An artist, illustrator, film and theatre costume designer, art advertisement conceptualist and India’s first-ever Oscar winner, Athaiya’s life was a creative journey consisting of a cornucopia of contributions to Indian art and cinema. With glimpses into her illustrious career spanning six decades, the showcase, in a broadly chronological manner, will open with a section devoted to the artist’s early years in Kolhapur and what led her to eventually move to Mumbai and join the JJ College of Arts. 

Along with this, the treasure trove of her personal heirloom textile pieces will also be displayed. These include beautiful, handwoven sarees with real gold Zari, passed down to the designer from her mother and grandmother. Descending from a family heritage of Rajopadhayas (royal priests) in Kolhapur, Athaiya inherited and treasured these ornate sarees. They were not only adorned by her and her family members but it was also this exposure that inspired her many costumes during her path-breaking career. 

These ornate textiles have, in recent years, been documented and photographed by the Lakshmi Vilas Palace and Museum in Vadodara. Perhaps it was her attachment to these exquisite heirloom weaves that honed her senses for incorporating Indian crafts and textiles into her costume design for the films she was working on. 

For instance, Athaiya took advantage of the cool climate of Kashmir and teamed raw silks, shawls, pullovers and other winter wear with fashionable kurtas and dresses for Rajendra Kumar and Sadhana in Arzoo. “I chose fabrics in colours that complemented the valley’s flowers and embellished them with subtle hand embroidery. I also travelled to Delhi to buy the woollens that would go with the winter dresses,” the doyen wrote later in her memoirs. Photographs that document these anecdotes will be on display. 


The exhibition will also focus on her time as the only woman artist at the Progressive Artists’ Group (PAG) with artworks ranging from technical sketches to brilliant oil and water paintings. A section will be devoted to Athaiya’s life as a fashion illustrator at Eve’s Weekly, sketching glamorous sarees and silhouettes, which eventually led her to design costumes for Indian cinema’s leading actors and actresses.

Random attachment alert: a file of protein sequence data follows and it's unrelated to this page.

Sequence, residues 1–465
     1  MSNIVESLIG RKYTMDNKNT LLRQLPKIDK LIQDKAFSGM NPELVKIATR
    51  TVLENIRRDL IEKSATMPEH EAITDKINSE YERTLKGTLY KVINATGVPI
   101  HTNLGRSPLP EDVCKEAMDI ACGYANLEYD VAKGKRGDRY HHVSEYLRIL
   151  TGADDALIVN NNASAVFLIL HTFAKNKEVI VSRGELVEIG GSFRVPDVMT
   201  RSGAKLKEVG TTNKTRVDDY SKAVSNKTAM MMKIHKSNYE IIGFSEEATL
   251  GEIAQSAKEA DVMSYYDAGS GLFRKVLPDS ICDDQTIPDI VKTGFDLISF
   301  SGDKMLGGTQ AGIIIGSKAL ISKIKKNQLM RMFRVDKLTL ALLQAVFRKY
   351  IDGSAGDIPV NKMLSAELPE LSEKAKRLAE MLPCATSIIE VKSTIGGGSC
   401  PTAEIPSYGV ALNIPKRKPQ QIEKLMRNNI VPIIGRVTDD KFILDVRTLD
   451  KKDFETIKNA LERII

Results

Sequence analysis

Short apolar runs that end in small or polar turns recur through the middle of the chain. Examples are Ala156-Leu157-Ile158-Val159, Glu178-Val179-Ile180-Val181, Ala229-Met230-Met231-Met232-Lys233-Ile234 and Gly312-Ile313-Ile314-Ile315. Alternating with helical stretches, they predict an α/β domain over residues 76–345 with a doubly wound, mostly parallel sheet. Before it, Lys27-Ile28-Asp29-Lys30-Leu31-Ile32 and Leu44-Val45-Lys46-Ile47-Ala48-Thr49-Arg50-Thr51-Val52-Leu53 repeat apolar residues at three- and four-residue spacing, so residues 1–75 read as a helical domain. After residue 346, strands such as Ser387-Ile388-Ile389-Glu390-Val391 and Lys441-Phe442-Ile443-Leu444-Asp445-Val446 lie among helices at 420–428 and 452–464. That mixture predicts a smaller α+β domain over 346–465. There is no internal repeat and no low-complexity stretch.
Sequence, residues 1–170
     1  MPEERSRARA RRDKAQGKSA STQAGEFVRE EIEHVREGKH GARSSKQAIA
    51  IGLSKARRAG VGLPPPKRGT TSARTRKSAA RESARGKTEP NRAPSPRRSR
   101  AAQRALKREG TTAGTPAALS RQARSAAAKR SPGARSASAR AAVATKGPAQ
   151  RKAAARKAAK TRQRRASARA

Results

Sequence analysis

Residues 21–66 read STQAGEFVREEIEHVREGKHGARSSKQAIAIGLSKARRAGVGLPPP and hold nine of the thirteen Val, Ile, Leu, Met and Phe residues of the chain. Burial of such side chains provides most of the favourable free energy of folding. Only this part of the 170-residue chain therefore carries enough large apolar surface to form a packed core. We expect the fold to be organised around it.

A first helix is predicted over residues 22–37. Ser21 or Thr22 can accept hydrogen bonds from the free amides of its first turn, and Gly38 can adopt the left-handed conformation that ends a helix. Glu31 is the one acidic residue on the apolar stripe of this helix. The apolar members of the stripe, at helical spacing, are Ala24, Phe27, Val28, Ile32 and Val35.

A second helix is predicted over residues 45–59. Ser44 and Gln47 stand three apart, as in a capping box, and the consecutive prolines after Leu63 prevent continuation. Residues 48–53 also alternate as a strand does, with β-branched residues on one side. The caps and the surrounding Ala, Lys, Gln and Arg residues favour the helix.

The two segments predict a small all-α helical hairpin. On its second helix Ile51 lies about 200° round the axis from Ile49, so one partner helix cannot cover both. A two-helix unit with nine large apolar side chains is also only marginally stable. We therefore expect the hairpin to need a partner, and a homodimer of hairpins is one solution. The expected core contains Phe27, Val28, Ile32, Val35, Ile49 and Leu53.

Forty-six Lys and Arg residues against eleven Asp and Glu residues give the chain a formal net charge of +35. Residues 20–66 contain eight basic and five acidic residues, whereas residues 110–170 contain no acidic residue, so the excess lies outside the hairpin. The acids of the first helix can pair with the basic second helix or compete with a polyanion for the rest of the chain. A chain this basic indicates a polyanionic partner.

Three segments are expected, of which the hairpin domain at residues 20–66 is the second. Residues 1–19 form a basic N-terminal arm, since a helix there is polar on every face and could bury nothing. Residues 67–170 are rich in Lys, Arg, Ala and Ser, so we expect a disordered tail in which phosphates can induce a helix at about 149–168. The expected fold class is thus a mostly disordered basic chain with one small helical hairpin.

Vaijanthimala's costume from the film, Amrapali (1966)

The discerning will witness how Athaiya’s love for classical Indian art forms came into its own with the film Amrapali, for which the designer had sketched and studied the work of the period in detail. Inspiration also stemmed from her JJ Art School days with tours to the Ajanta Ellora Caves. Vyjayanthimala’s vibrant costumes were inspired by classical sculptures and complemented by ornate jewellery. Athaiya’s vision combined with the actress’s beauty was chronicled in the history of Indian cinema. Similarly, while we all have seen Mumtaz’s scintillating orange saree in the song Aajkal Tere Mere Pyar from Brahmachari, in ‘Legacy of Bhanu Athaiya’ visitors will see the seductive side of the actress in chic costumes by the designer for Aadmi Aur Insaan


There will be a special overview of Athaiya’s work as an art advertisement designer for Air India (original miniature paintings were recreated through costumes by Athaiya for a 1983 Air India Calendar) and Onida (the designer created costumes for their campaign bordering along the lines of science, fantasy and mythology). 

The final section of the exhibition, which took two years to collate and document, will be dedicated to videography, thus bringing to the fore the versatility and oeuvre of the legendary artist, many facets of which have not always been in public glare.

Photo: Prinseps